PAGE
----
Podcast: Sentient Jet Expands Internationally

Sentient Jet President and CEO Andrew Collins discusses the jet-card provider’s new Transatlantic and sustainability programs with BCA Senior Editor Bill Carey.

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Rush transcript:

Bill Carey:                  Hello, this is Bill Carey, senior editor with Business and Commercial Aviation, and welcome to this BCA podcast. I am pleased to be joined by Mr. Andrew Collins, President and CEO of private aviation services provider Sentient Jet, which is based in Boston, Massachusetts. Andrew, thank you for joining me today.

Andrew Collins:         Great to be here, Bill. Thanks for having me.

Bill Carey:                  You have said that Sentient Jet doubled its jet card sales in 2020, largely because of new private flyers entering the market. Has there been a sustained level of demand or even growth in sales now that the pandemic appears to be easing?

Andrew Collins:         It's really good question. So, in 2020 we saw over $450 million in jet card sales and coming into '21, we saw relatively similar velocity. So, what I can say is differing right now is initially last year, what you saw typically was more new flyers coming into the mix. The addressable market was clearly expanding, interest in avoiding crowds, avoiding exposure or touchpoints, and things like that helped that kind of robust interest in jet cards and in private aviation. And now, we're seeing kind of more of a return to a mix between our newer clients, as well as our returning clients, but the appetite has not slowed down. This month, for instance, we'll see probably just north of $40 million in selling or renewing in jet cards. I can tell you that the appetite is strong. I can tell you that I think the pandemic changed the course of private aviation. I've been in the industry about 16 years or so, and this is the highest index in terms of an interest level that I've ever seen.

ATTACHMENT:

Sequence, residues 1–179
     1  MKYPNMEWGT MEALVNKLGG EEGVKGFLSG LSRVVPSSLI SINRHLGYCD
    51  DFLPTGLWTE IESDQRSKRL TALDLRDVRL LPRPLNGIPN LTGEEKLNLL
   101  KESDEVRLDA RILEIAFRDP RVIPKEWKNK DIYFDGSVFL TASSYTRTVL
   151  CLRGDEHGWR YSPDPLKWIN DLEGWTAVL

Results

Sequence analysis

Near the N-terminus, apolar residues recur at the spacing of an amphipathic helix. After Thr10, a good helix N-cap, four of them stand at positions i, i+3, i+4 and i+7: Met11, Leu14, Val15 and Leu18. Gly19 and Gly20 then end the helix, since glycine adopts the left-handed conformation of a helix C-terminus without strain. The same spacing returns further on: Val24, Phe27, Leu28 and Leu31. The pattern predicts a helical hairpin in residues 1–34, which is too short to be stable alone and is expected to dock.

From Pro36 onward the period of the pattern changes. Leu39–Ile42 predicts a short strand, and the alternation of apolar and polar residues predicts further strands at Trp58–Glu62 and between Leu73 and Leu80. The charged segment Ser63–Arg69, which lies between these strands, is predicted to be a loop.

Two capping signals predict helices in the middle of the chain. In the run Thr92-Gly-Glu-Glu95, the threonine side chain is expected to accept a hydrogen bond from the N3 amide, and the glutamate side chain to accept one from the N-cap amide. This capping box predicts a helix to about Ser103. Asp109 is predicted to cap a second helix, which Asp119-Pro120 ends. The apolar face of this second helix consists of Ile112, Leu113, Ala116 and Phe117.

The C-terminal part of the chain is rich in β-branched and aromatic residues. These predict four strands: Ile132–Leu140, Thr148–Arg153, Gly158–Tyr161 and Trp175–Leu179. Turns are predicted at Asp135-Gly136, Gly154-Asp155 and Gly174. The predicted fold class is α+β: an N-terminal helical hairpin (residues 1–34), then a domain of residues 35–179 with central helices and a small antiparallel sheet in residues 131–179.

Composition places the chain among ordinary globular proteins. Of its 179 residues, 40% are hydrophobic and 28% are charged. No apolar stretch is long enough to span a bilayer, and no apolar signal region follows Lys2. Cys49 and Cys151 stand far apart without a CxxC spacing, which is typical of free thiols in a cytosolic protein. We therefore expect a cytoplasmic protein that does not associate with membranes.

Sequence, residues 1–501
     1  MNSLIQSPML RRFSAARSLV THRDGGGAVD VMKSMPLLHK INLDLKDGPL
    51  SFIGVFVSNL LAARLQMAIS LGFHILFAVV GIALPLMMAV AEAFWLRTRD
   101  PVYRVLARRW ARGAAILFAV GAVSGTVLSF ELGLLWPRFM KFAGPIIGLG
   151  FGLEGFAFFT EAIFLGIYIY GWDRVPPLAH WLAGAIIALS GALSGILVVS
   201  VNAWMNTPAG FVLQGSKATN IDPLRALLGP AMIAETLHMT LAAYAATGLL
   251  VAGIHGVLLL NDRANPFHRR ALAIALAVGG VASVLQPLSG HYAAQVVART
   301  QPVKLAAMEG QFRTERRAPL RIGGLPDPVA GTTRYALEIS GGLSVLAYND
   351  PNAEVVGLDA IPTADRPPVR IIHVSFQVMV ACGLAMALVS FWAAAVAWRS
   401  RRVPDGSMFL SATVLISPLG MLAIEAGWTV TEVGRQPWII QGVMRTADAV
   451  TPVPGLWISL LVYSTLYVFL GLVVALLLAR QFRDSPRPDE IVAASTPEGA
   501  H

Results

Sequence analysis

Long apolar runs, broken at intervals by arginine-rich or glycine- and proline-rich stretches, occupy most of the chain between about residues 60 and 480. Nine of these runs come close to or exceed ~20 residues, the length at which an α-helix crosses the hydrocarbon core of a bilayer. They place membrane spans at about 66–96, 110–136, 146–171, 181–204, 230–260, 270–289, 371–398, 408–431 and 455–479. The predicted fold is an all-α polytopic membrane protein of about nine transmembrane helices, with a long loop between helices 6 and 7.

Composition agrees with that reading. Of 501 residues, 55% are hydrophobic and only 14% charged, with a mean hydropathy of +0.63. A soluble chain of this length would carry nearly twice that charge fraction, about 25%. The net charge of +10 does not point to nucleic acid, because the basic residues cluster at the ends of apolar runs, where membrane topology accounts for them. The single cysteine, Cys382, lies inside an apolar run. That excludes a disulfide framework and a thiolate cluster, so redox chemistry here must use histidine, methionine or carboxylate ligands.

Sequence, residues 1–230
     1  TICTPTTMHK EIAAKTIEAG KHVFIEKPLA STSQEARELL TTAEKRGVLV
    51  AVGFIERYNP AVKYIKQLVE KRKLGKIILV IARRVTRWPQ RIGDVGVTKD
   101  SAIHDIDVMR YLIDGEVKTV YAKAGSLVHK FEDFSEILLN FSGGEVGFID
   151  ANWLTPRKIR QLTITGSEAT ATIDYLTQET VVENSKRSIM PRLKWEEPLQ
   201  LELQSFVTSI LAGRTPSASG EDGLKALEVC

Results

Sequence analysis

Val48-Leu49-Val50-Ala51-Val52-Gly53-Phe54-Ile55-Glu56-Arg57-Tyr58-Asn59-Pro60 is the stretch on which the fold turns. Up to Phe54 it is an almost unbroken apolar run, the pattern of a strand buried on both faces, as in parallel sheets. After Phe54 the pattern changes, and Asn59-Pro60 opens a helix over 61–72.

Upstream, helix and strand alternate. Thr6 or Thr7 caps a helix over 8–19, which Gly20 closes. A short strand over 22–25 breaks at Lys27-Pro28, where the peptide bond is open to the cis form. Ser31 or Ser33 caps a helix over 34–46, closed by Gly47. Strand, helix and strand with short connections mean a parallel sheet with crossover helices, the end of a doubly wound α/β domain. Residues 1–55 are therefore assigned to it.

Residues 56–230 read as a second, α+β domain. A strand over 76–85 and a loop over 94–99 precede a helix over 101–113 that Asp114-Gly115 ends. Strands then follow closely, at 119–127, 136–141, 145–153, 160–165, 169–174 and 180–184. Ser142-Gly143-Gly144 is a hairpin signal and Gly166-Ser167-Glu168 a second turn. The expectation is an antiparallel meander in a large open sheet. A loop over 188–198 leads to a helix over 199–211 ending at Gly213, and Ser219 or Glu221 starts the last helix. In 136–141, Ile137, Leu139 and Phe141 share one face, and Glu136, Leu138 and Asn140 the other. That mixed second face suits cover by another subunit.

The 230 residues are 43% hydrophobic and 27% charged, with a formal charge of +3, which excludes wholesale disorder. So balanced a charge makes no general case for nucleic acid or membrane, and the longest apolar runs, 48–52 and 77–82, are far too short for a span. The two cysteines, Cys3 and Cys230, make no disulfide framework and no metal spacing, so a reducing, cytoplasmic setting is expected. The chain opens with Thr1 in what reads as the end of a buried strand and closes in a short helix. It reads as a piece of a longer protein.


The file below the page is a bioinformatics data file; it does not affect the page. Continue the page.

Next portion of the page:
Bill Carey:                  That's good to hear. You launched the Sentient Jets Transatlantic Program in May, which offers jet card owners guaranteed availability for one-way trips between New York and London. What has been the response to that program?

Andrew Collins:         It's been interesting. We tested it out early on, prior to the pandemic just to see if that was something our clients were interested in. We were also looking to start expanding internationally. I would tell you that now, based on borders opening up and the idea that you can take the same type of guarantees—guaranteed call-out periods, guaranteed access to a jet, guaranteed transparent pricing, and then a 20-year history and track record of safety and service—I think when you couple those together, our base of over 8,000 card owners has interest in this. And we've in the last few years been really looking at both the super-mid and the large-cabin classes and categories. So as borders unlock and as people reconnect, we think this is the right program and the right product for the time.

Bill Carey:                  Sentient Jet has introduced guaranteed international pricing. Does fixed-rate pricing run the risk of other factors such as the cost of maintenance or fees or fuel increase unexpectedly?